Franklin Delano Roosevelt called the Japanese “surprise” attack on the U.S. occupied territory of Hawaii and its naval base Pearl Harbor, “A Date Which Will Live in Infamy.” Similar words should be used for President Nixon’s draconian decision 45 years ago this month that removed America from the last vestiges of the gold standard.
On August 15, 1971 in a televised address to the nation outlining a new economic policy entitled, “The Challenge of Peace,” Nixon instructed the Treasury Department “to take the action necessary to defend the dollar against the speculators.”
I have directed Secretary Connally to suspend temporarily the convertibility of the dollar into gold or other reserve assets, except in amounts and conditions determined to be in the interests of monetary stability and in the best interests of the United States.**
Of course, any objective student of history knows that this was a lie and that it was not “speculators” which were causing monetary instability, but the U.S.’s own crazed inflationary policy which attempted to fund its imperialistic endeavor in Vietnam while expanding the welfare state at home. This resulted in the Treasury losing an alarmingly amount of gold reserves to other central banks who rightly sought real value in exchange for depreciated American greenbacks.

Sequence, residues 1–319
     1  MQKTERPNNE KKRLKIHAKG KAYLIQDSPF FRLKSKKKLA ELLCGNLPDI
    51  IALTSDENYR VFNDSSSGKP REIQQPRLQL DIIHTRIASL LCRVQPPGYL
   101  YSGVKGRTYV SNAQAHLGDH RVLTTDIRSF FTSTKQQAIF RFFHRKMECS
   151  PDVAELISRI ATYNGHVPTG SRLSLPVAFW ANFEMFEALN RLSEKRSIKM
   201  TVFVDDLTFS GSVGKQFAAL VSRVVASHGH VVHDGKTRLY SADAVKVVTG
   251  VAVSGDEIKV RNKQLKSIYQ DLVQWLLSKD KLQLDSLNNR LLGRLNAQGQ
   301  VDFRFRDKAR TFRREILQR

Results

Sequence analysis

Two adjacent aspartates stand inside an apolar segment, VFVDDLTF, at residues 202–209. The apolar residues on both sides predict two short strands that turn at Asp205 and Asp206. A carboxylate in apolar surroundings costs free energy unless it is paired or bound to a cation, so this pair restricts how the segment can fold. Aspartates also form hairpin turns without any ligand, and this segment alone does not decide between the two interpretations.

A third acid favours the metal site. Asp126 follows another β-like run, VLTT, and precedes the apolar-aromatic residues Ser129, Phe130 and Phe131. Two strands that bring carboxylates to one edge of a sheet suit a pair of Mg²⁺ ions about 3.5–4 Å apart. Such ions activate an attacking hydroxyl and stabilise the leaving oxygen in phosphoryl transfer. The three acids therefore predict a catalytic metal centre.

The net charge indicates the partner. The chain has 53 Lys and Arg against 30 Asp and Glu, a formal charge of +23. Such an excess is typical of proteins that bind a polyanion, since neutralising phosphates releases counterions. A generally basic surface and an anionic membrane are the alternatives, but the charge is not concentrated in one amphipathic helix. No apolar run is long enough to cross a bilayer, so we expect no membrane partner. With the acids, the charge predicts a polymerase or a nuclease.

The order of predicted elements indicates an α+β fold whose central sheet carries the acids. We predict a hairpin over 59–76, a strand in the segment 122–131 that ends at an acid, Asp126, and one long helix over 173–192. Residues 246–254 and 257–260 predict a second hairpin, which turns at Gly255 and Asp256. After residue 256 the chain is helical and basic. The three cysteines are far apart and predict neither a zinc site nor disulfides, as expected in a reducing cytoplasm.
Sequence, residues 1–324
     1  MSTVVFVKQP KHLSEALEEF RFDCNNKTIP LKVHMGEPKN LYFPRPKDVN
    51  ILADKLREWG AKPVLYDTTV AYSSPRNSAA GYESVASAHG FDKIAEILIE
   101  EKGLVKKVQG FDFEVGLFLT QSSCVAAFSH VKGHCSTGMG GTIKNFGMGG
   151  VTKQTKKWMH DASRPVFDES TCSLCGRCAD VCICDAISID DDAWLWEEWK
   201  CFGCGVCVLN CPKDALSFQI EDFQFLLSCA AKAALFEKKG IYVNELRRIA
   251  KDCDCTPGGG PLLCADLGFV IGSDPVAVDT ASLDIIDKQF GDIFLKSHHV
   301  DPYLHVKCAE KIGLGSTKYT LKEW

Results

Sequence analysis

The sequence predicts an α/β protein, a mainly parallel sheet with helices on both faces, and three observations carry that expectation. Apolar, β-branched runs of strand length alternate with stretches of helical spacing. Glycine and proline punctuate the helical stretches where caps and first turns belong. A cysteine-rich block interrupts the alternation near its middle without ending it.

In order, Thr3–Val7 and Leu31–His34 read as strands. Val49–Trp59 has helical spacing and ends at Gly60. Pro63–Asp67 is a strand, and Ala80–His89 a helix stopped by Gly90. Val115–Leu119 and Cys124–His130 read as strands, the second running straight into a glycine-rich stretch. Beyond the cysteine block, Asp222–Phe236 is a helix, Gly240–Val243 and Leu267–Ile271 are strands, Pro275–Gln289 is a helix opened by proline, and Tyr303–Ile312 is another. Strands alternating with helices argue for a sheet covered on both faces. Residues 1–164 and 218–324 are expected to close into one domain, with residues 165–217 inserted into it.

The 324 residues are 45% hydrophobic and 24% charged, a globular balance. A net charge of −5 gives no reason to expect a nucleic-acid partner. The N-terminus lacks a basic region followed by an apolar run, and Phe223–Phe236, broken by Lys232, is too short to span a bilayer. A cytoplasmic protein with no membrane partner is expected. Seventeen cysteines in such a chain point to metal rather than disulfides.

In essence, Nixon’s decision ended gold redemption and placed the U.S. and the rest of the world on a purely fiat paper standard for the first time in recorded time. By doing so, the U.S., in effect, became a deadbeat nation which no longer honored its obligations and was set on the road to its current banana republic status.
Instead of impeachment proceedings and his ultimate resignation for the juvenile break in at the headquarters of the nation’s other ruling crime syndicate, Nixon should have been imprisoned for this deliberate and destructive act which has led, …